Christa Black is a guest blogger and an Advocate Alliance member for Project: AK-47. She is a musician and songwriter, having toured with The Jonas Brothers and Jordin Sparks, and more recently, she is the author of the book ‘God Loves Ugly.’
“Babe, I need to go home and pack so I can drive to Atlanta tonight.”
My husband (or Studhubs, as I like to call him), had started his new job with Project: AK-47 and one of his first tasks was driving down from Nashville and setting up a booth at the National Youth Leaders Conference in Atlanta. I’d heard bits and pieces about the organization and knew it was groundbreaking, but somewhere between the facts on a page and my heart’s involvement, the gravity of the child-soldier situation hadn’t fully computed. In fact, sometimes it seemed more like a sensational storyline from a big, Hollywood blockbuster than someone’s reality.
“Let me go with you and help,” I offered, not knowing what I was getting into. “I have some writing I need to do and can just take my computer. I’ll help you man the booth in the meantime.”
The next morning we entered the exhibit hall and set up our camouflage booth with posters of kids holding guns, positioned in between the displays of Liberty University and a store that sold gigantic beanbags. Needless to say, we stuck out a bit. I put on a Project: AK-47 T-shirt and dog tags and waited timidly behind Lucas as youth pastors and workers began to flood the hall.
“What do I say to them when they ask me questions?” I asked.
“Just listen to me a few times and you’ll pick it up. You’re a quick learner,” he assured me.
Strangers wandered by, shooting curious looks at the army booth adorned with pictures of children. Some didn’t make eye contact with us, clearly not wanting to be bothered or informed, but others marched over, asking questions about the kids with the guns. I would just smile and nod as Studhubs talked, informing them about the organization and the need. How there are over 300,000 child soldiers in the world and 100,000 of them are in Burma alone. How Project: AK-47 is the only organization on the ground in Burma who had relationships with the Generals and leaders to negotiate and put these children in orphanages. How many of these children were between the ages of 6-18, and most of them were forgotten and alone. How the life expectancy of a child soldier was only 7 years. How they’re stripped of their names and assigned a number. How their childhood is filled with drugs and guns instead of toys and games.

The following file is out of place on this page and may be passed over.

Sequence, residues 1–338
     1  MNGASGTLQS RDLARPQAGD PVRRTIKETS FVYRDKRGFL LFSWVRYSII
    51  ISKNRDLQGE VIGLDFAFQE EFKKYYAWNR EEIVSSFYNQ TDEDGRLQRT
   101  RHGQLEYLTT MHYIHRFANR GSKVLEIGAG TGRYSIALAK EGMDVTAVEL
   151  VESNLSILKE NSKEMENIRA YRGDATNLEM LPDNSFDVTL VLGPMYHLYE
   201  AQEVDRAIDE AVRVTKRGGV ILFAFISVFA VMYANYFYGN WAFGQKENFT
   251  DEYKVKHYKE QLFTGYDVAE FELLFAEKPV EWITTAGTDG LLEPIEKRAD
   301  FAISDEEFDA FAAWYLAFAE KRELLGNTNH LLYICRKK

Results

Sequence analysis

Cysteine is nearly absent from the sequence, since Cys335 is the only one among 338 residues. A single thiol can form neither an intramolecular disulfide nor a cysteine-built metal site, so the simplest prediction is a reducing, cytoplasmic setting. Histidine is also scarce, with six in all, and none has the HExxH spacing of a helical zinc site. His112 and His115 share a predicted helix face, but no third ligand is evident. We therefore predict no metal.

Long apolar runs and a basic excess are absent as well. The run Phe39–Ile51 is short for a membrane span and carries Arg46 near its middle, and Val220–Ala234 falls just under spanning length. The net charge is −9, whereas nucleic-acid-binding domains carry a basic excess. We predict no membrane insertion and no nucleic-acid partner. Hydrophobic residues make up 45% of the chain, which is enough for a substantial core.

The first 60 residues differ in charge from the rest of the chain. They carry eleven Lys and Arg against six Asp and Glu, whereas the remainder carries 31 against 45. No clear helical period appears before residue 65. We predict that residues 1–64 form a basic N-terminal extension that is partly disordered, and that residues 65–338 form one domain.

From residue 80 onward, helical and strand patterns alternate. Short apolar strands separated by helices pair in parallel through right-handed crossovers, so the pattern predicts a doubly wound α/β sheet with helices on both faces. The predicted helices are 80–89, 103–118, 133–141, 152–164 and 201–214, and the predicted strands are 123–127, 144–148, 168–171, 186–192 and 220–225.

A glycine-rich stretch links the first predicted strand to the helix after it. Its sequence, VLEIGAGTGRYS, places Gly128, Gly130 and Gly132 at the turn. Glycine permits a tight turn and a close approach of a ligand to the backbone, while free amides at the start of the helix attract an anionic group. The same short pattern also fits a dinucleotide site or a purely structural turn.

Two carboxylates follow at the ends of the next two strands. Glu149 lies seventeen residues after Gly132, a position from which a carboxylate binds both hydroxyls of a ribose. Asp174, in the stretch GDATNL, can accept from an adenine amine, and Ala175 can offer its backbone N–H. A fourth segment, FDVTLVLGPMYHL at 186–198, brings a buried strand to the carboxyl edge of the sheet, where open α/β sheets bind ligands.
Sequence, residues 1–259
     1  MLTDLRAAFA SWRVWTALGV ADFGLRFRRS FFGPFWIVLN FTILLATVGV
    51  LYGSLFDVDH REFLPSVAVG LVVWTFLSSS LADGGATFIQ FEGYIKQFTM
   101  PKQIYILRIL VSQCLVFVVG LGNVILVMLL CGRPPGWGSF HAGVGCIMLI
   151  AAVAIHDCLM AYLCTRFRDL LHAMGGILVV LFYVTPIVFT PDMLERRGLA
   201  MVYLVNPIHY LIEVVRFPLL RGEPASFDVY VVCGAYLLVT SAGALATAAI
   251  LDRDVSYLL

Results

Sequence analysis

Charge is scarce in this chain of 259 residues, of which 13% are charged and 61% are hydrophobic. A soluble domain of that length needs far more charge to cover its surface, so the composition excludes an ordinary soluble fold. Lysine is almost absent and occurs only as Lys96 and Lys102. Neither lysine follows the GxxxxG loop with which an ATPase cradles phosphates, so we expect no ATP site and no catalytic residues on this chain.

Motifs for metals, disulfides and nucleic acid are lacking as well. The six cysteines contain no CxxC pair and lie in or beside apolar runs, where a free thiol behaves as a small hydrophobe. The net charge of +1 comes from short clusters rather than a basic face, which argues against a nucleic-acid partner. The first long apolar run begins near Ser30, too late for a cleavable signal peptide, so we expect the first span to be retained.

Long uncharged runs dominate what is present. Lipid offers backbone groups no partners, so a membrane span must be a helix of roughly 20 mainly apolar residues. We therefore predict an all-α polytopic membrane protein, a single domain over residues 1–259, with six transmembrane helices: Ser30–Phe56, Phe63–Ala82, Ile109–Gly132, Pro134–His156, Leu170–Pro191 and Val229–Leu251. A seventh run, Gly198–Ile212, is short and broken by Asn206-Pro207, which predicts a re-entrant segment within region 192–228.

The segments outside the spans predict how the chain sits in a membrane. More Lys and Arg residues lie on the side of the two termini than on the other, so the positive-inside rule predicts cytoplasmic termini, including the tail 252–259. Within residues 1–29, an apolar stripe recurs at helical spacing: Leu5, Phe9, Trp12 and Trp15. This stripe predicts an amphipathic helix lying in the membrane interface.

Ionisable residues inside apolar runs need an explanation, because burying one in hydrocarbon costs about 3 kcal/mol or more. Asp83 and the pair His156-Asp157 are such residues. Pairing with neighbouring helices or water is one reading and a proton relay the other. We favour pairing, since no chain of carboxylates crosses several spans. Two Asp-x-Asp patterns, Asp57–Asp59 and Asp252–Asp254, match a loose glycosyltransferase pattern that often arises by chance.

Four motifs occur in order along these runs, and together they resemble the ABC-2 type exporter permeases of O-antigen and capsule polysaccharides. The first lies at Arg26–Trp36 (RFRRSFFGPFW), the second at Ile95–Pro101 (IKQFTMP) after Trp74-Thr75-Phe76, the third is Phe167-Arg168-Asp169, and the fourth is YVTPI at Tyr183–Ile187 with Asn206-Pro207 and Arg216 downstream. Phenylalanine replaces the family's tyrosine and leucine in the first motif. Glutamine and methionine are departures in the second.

And how the only thing keeping us from rescuing many of them is money.
My heart sunk, disgusted and grieved. The more I listened, the more the knot rose in my throat. The more I heard about these forgotten children, the more I knew I was now responsible for what I had just heard. And that if I didn’t take what I’d learned and do something, there was a huge possibility that no one else would.
Someone was counting on me, and my response meant they lived….or they died.
These weren’t just pictures behind me in a booth. They were actual children. The dog tag around my neck wasn’t just decorative jewelry. It was an actual child—a child that had been almost abandoned by the rest of the world. It was a child who wakes up every day with no choice other than to fight or be killed. They wake up every day with no hope. They wake up every day with no future. They wake up every day believing this is their fate, and for many of them, it is.
These kids breathe every breath assuming that no one is coming for them.
But they are wrong.
Inside of our little booth in Atlanta, Georgia, the two of us fought for the freedom of children, alongside people all over the world who understand the life-or-death work of Project: AK-47 to free child soldiers and sex slaves. We proudly wore our T-shirts and dog tags. We contended with strangers for compassion and aide. I had never been more frustrated with those who seemed not to care, and more overjoyed with those who understood the commission.
By no means are we wealthy people, but compared to the majority of the world, (as I sip my $3.50 Starbuck drink and eat my $2.50 muffin), we are millionaires. For the price of my temporary comfort today, a child can be saved.
And the choice is up to me.
When learning about the atrocities of the world, the knowledge can be overwhelming. Sometimes the magnitude of the problem seems to be so enormous, I feel like a little ant in a cornfield, unable to help. But the beautiful thing about Project: AK-47, and the reason I’m proud to be an Advocate, is because the starting point is simple.
Care for a child. Become a $7 monthly donor. Take 5 minutes to pull out your credit card, give up a day or two at Starbucks every month, and literally, save a life. It really is that easy, and the time isn’t tomorrow—it’s right now.
A child is counting on you, on us.
And I don’t plan on letting them down.